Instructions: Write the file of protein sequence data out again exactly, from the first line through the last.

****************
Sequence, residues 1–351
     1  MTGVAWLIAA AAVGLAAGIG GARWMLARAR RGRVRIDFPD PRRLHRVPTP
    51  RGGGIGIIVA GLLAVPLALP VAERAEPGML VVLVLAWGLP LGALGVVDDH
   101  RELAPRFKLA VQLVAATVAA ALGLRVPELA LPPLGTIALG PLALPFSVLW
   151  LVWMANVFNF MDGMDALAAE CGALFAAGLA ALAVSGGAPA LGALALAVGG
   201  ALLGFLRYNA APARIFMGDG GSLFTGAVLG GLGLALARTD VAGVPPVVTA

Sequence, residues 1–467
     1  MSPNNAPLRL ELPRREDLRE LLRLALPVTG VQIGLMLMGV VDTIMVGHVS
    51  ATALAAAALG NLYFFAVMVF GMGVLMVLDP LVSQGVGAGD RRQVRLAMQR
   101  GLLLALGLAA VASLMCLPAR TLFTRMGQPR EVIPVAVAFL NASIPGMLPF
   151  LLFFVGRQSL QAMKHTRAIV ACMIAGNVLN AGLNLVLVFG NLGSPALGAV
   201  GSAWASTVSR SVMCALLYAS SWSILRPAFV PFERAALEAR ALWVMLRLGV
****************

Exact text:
Sequence, residues 1–351
     1  MTGVAWLIAA AAVGLAAGIG GARWMLARAR RGRVRIDFPD PRRLHRVPTP
    51  RGGGIGIIVA GLLAVPLALP VAERAEPGML VVLVLAWGLP LGALGVVDDH
   101  RELAPRFKLA VQLVAATVAA ALGLRVPELA LPPLGTIALG PLALPFSVLW
   151  LVWMANVFNF MDGMDALAAE CGALFAAGLA ALAVSGGAPA LGALALAVGG
   201  ALLGFLRYNA APARIFMGDG GSLFTGAVLG GLGLALARTD VAGVPPVVTA

Sequence, residues 1–467
     1  MSPNNAPLRL ELPRREDLRE LLRLALPVTG VQIGLMLMGV VDTIMVGHVS
    51  ATALAAAALG NLYFFAVMVF GMGVLMVLDP LVSQGVGAGD RRQVRLAMQR
   101  GLLLALGLAA VASLMCLPAR TLFTRMGQPR EVIPVAVAFL NASIPGMLPF
   151  LLFFVGRQSL QAMKHTRAIV ACMIAGNVLN AGLNLVLVFG NLGSPALGAV
   201  GSAWASTVSR SVMCALLYAS SWSILRPAFV PFERAALEAR ALWVMLRLGV